Byronic alpha males

Where did the Byronic hero, the wounded, brooding, unapproachable hyper-masculine “alpha male,” come from? Why has the type remained so popular? Sarah Frantz, scholar-editor, looks at this figure’s past, his enduring appeal, and why he keeps popping up in romance novel history.


How has the alpha male hero changed over time?

So in 1807, Byron published The Corsair and it was the bestselling book of the year, 1807 to 1808. It sold 10,000 copies the first day it was released, which is like J.K. Rowling status, right? It sold unbelievable amounts. And he created the Byronic hero, right? He created this hero with the nameless crimes who broods over his criminal acts, he’s undeserving of love no matter what because of these terrible things that he’s done that he won’t talk to anybody about. And Bryon doesn’t then give him a happy ending, that’s not why Byron was interested in; but then, of course, romance authors and domestic novel authors and marriage plot authors took that hero and have moved him through the centuries. So you can pin labels on. So Darcy’s not quite a Byronic hero, but then of course you have Heathcliff and you have Rochester [. . .]

[. . .] And you hit the 1970s with the blockbuster historical romances, and you’ve got that same hero again. And he shows up in paranormals; he’s the ultimate in paranormals, right? There he can be immortal and his nameless crimes can have been committed over the last 2,000 years instead of just over the last 20 years. And Georgette Heyer used that trope as well.

So as somebody who’s focused mainly on the way women write men, I don’t have all these theories about heroines but I have them about heroes and I don’t know that there has been much change. You think he’s gone away for five years and you have these nice beta males who know what they want and they’re perfectly happy being who they are; and then he pops up again, and suddenly he’s a dragon! Then he’s a vampire! And now he’s a werewolf! And now he’s the billionaire with the red room with the BDSM in Fifty Shades of Grey. He just keeps coming back.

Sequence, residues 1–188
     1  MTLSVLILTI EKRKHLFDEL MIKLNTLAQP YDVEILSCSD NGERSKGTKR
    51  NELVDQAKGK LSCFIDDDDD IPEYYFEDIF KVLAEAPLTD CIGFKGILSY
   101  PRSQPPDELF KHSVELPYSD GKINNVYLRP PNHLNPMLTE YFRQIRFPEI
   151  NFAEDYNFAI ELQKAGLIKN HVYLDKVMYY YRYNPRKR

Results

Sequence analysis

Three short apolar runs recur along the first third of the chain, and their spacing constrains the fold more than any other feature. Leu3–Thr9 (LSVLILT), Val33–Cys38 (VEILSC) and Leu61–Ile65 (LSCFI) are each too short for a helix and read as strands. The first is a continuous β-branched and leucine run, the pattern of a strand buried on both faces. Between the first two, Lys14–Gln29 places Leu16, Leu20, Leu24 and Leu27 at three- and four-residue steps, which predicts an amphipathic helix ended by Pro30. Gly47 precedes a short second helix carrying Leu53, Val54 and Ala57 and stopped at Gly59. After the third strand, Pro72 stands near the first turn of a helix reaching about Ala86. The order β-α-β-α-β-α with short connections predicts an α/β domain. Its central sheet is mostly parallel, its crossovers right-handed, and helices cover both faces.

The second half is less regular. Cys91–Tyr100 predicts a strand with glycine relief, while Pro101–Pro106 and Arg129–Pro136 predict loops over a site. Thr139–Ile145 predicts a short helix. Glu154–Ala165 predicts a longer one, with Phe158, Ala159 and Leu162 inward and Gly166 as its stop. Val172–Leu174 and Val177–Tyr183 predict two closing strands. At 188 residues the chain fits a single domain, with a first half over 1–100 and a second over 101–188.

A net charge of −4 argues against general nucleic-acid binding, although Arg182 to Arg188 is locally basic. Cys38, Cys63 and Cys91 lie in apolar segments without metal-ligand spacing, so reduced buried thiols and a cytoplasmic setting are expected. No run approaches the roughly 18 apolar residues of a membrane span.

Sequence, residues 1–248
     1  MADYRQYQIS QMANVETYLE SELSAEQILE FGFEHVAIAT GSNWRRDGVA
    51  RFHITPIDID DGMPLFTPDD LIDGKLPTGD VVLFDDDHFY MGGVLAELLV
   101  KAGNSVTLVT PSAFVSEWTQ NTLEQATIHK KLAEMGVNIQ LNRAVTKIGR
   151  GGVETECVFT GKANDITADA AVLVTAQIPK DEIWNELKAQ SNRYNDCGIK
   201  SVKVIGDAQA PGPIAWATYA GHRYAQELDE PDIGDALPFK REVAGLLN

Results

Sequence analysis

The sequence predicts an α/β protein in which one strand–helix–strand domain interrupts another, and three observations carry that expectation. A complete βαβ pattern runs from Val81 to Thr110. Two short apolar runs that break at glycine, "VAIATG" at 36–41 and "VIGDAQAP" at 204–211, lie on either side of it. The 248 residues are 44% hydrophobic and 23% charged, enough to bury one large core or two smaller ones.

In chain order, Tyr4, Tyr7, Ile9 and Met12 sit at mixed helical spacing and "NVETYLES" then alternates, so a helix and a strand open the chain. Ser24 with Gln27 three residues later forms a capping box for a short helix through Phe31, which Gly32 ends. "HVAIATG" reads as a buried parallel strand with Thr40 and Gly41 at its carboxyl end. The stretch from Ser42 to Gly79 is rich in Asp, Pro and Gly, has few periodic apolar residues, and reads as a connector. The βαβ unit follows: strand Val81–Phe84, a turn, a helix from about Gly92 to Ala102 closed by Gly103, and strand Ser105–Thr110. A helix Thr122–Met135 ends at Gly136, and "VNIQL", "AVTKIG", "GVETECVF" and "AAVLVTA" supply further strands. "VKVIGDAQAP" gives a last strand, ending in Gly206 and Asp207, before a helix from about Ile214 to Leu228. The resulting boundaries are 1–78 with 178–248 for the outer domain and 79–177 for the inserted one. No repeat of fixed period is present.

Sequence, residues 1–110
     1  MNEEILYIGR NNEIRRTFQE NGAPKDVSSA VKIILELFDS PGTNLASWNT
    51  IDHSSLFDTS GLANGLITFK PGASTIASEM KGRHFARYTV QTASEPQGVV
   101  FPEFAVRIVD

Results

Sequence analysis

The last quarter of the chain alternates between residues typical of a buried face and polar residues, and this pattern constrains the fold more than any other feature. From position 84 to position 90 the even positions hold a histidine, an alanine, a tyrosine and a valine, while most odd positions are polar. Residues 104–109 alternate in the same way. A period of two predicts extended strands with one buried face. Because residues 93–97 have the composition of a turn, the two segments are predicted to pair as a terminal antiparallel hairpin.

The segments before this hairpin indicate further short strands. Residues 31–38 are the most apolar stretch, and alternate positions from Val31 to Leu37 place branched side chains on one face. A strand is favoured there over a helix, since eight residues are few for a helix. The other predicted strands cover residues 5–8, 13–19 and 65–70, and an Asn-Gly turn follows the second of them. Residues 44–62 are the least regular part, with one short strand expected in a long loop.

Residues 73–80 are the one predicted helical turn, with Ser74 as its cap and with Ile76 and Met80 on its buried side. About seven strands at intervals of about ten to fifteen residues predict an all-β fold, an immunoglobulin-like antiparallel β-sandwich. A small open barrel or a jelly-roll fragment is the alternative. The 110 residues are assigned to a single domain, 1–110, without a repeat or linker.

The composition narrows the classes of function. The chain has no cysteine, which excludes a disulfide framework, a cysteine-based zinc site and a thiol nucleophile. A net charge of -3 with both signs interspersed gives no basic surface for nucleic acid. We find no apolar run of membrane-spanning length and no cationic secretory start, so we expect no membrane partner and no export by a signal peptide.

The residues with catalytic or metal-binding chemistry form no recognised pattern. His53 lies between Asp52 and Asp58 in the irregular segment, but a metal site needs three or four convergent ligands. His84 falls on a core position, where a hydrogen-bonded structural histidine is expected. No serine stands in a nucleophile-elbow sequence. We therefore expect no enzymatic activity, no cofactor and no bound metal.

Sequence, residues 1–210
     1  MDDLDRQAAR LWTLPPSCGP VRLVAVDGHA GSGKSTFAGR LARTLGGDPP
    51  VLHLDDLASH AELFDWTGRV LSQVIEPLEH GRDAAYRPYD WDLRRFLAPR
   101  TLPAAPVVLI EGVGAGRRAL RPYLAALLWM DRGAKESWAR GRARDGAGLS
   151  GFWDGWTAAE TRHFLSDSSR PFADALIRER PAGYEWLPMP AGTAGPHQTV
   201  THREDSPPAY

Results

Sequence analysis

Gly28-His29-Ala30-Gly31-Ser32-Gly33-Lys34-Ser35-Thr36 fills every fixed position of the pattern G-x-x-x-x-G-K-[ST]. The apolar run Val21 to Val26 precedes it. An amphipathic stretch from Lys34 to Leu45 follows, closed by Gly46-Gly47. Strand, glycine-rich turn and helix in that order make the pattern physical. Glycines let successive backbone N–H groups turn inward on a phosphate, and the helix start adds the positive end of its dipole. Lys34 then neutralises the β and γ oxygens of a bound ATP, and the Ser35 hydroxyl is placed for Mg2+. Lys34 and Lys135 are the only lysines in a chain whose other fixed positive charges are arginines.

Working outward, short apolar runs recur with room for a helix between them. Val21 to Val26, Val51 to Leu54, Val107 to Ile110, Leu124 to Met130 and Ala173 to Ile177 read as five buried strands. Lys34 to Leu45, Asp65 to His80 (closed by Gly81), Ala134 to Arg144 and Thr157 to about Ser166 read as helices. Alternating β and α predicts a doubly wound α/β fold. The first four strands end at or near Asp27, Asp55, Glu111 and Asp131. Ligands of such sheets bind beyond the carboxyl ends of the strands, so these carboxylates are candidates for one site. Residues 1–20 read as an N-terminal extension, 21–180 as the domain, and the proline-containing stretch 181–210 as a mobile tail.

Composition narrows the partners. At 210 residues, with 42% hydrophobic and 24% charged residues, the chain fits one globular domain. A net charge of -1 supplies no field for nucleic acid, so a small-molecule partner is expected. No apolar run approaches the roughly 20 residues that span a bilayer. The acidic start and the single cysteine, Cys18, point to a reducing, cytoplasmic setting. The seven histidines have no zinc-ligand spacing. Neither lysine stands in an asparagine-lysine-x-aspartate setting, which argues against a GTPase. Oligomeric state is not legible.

So I think that that construction of masculinity as a female fantasy is obviously something that strikes a cord and strikes a nerve and has for 250 years. And I’m sure—that’s where my scholarship ends, so I’m sure if we go further back it comes back again and again and again.

Why are women attracted to the alpha male hero?

I want to stress that women are attracted to the male character in books. They might knee him in the balls when they see him in real life and he tries to—you know, nobody, like, actually really wants Edward from Twilight coming after them. I think that he’s attractive in the books. And I think that the fantasy in the books is one that Jayne Ann Krentz talked about in Dangerous Men and Adventurous Women, it’s about bringing him to his knees and making him change for you, which is always the problem, right? You like the “bad boy” and you want to go after the bad boy and you’re convinced you’ll make him change, and then of course in real life he never does. But I think making that bad boy focus on you 100 percent and only focus on you and you are his obsession—and you’re not so obsessed with him—but you are his obsession and he will give you anything that you want.

What that gives women is a power over the patriarchal system—writ large, with all of the things that—patriarchy with the big, capital P. It gives women the power over that system that they have had to struggle with and through and against and work with their entire lives. He is the embodiment and the representation and the ultimate version of this system that we all live in and I think that it gives us a certain measure of power over that. Some romance readers are attracted to that and some romance readers are like, “I want nothing to do with the alpha male, I couldn’t care less. I like the books that are more about the heroines.” I like the books that are more about the heroes.

It’s that powerful hero who has to admit at the end of his book, “I love you, and I will do anything for you and you are essential to my life. You are essential not only to my future happiness, but to me being a good person.” That’s what Austen did, right? She had Darcy say, “You are essential to me being the moral person that I am supposed to be, that is the moral person who will build the nation going forward. If it’s not for you, I’m not going to be the person that our world needs to be able to move forward in a positive fashion.” I think that the alpha male still provides women with that: You are essential to me being a good person. That’s a powerful thing.

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